38 Judaism Demographics

Who is officially considered a practitioner of Judaism? Just becomes some claims to be of the Jewish faith doesn’t actually make them a practitioner and that can make it difficult to track the demographics of this religion. What we do know is that there is only one Jewish majority state in the world today: Israel.

As many Jews live in Israel as they do in the United States. There are estimated to be about 15 million Jews in the world today.

What You Need to Know About Judaism

Just identifying someone as a practitioner of Judaism is difficult enough, but like in most other faiths, there are different branches of faith that are followed. Part of this comes from the fact that there are essentially two groups of Judaic populations that formed based on personal practices and beliefs: Sephardic and Ashkenzai. From there, Judaism can be broken down into Conservatism, Orthodox, and Reformed. Ultra-orthodox and non-denominational groups also exist.

  • Jewish population growth worldwide is close to 0%. It has annual rises of 0.3% on average, which is about 5x lower than the rest of the world.
  • In 2001, 8 countries had a Jewish population of 100,000 or more. If the population threshold drops to 50,000, another 5 countries join the list.
  • Outside of Israel, not a single country has a Judaism population that is more than 2.5%.
  • Since the Holocaust, the Jewish population has been unable to reach the same population numbers they once had.
  • Only 2.8 million, or 51 percent, of Jewish Americans say that their religion is Jewish.
  • 1.4 million adults who were raised as Jewish are now members of a different religion, which is double the amount of Jewish adults that joined another religion in 1990.
  • One-third of Jews are actually married to people who are not Jewish. This is triple the rates of intermarriage that happened in 1965.
  • 14% of people who consider themselves to be Jewish also consider themselves to be atheist, which is 4x the rates of the general population.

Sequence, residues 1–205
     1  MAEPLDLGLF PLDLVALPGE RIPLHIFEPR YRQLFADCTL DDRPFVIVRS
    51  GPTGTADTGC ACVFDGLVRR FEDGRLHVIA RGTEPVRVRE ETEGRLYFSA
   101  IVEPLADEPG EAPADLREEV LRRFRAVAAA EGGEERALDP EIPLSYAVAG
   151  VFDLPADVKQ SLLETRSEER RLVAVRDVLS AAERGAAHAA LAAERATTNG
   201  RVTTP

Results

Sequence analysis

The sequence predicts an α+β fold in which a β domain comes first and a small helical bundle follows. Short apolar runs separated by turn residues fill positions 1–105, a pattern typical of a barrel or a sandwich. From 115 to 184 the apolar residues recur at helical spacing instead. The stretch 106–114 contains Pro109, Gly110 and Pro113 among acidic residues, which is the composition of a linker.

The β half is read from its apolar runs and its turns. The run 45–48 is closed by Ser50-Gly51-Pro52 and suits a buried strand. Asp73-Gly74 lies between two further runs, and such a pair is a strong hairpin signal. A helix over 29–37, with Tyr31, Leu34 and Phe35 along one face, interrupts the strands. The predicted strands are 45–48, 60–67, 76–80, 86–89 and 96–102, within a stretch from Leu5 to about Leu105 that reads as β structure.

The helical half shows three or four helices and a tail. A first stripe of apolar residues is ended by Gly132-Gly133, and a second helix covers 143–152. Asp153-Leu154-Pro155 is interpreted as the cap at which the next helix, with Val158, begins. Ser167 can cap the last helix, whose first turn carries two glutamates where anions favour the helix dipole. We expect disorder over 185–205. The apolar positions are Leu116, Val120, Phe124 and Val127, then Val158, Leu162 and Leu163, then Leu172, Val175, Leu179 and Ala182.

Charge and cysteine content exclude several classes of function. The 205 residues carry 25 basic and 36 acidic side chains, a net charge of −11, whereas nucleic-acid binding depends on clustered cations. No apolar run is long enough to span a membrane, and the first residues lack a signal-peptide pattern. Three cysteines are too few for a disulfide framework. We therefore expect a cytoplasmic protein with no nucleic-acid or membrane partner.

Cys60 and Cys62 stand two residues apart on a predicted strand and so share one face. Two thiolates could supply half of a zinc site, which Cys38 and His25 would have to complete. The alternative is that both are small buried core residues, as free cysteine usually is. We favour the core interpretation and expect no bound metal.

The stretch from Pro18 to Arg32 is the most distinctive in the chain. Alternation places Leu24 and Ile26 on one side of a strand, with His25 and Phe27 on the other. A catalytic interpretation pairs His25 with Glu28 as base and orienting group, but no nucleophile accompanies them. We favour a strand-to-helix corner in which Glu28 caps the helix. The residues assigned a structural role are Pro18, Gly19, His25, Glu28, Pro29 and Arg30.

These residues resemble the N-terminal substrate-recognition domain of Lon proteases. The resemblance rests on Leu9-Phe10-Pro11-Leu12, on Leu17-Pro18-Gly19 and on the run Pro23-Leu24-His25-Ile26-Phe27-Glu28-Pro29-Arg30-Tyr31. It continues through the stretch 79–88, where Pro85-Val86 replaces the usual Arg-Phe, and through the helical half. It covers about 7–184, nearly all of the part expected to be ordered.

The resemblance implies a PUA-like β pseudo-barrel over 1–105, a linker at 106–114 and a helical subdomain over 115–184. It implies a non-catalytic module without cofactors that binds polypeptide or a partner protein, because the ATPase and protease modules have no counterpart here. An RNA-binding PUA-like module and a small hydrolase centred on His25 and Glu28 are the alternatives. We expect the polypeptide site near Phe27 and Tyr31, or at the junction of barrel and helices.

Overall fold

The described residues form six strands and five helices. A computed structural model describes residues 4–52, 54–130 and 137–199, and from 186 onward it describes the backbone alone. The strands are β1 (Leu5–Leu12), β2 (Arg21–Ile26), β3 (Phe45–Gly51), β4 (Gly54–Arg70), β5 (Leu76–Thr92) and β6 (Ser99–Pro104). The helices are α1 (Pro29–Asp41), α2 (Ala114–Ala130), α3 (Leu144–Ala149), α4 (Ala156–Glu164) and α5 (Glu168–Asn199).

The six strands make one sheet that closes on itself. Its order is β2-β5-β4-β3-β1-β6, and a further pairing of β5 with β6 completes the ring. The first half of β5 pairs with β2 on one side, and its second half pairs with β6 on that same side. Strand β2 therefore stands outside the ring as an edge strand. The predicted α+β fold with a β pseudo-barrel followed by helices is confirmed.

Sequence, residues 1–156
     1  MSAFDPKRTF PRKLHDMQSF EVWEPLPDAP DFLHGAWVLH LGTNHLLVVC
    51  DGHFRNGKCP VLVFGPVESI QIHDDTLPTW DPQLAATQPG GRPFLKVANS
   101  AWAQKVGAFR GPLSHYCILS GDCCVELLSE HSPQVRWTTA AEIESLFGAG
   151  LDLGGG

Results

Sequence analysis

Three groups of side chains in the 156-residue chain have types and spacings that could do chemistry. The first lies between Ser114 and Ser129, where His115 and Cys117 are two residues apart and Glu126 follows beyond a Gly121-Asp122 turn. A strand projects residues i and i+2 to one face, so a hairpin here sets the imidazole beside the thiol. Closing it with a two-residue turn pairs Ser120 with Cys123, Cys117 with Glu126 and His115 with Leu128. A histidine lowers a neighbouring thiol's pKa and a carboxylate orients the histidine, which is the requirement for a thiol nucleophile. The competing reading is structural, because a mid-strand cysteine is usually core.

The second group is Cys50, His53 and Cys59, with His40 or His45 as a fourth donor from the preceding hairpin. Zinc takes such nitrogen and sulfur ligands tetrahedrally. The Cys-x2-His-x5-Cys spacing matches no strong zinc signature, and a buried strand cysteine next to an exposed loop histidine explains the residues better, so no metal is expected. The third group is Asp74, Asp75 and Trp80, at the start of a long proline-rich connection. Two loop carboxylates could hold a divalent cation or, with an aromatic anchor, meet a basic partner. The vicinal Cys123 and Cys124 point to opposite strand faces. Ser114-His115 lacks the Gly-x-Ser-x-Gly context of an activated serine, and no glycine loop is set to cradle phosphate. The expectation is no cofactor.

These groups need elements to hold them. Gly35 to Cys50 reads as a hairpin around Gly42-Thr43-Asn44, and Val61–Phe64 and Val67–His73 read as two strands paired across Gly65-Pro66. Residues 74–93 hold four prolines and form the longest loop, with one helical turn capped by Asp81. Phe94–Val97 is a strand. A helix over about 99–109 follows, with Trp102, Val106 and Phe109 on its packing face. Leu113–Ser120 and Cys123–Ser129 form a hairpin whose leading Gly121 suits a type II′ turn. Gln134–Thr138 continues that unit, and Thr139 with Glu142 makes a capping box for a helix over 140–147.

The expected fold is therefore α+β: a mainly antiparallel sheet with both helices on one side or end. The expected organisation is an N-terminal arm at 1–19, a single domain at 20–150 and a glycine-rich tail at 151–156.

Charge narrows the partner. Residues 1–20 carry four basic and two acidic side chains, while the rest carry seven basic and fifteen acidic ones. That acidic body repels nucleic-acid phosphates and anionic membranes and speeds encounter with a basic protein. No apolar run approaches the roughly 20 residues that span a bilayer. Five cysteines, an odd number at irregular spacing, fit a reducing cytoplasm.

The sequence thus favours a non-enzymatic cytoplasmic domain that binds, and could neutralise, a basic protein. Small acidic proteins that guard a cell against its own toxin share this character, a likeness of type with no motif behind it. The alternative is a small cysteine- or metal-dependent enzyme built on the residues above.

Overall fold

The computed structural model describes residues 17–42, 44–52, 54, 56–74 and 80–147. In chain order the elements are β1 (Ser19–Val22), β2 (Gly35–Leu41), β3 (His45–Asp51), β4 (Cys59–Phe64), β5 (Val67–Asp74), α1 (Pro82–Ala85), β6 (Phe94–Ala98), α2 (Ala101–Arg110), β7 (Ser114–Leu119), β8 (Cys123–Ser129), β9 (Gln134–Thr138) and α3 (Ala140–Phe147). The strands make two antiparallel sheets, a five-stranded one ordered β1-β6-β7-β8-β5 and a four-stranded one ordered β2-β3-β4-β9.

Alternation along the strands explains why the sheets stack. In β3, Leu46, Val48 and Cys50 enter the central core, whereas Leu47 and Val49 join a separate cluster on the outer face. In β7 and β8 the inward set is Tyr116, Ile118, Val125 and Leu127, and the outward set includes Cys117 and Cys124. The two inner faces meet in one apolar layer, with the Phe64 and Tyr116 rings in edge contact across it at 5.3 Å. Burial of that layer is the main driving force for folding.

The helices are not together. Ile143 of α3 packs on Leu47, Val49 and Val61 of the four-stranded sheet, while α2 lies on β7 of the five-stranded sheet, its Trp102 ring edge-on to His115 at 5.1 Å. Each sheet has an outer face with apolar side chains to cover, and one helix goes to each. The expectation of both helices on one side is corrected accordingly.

• 60% of Jews below the age of 40 live in non-Jewish households.

Some might choose to deny the Holocaust ever occurred, but there is no denying the fact that millions of Jews from the population base were suddenly lost from 1939-1945. This has not only made it difficult for their population to recover, but it also makes people hesitant to fully identify with their faith. Some are even choosing to abandoned their faith, even though they still consider themselves to be Jewish. In the last 70 years, the Jewish population has only risen by about 3 million people. This is directly reflected in the children that Jewish couples are having. The average couple in the Jewish faith has 1.4 children. The average amount of children needed for population replenishment: 2.1 children per couple.

Is Judaism Losing Its Flavor?

  • Only 11% of those who were born Jewish or became Jewish by choice attend the Beth Hatefillah every week.
  • Judaism composes just 0.20% of the entire world population.
  • 43% of the world’s total Jewish population lives in Israel. Another 39% of Jews call the United States their home.
  • In the US, just 12% of Jews consider themselves to be of the Orthodox faith. 42% consider themselves to be Reformed, while 29% consider themselves to be Conservative.
  • From a global perspective, 1 out of every 5 Jews describes themselves as having no religion at all.
  • Jews that were born after 1980 are the most likely to say that they they don’t belong to a religion.
  • The average household size for Orthodox Jews is higher than any other denomination at 2.6 members per household.
  • 48% of those raised as Orthodox Jews are stilling currently practicing the Orthodox faith.
  • 2 out of 3 Jews say that being Jewish isn’t a matter of religion, but is instead a matter of culture and ancestry.

Judaism may not be growing very quickly because a number of Jews just don’t seem themselves as part of the “flock.” Those within the Orthodox faith are doing the most work to keep population numbers up and it is working to some extent, but not at the same pace as the global population. In current trends, by the year 2050, there will be 10 billion humans living on the planet. That will be the same year that the Jewish population will be able to say that they have finally reached population numbers that were present before the Holocaust. Think about that – it will have taken over 110 years for the Jewish population to recover from the events of World War II. That’s a sobering fact indeed.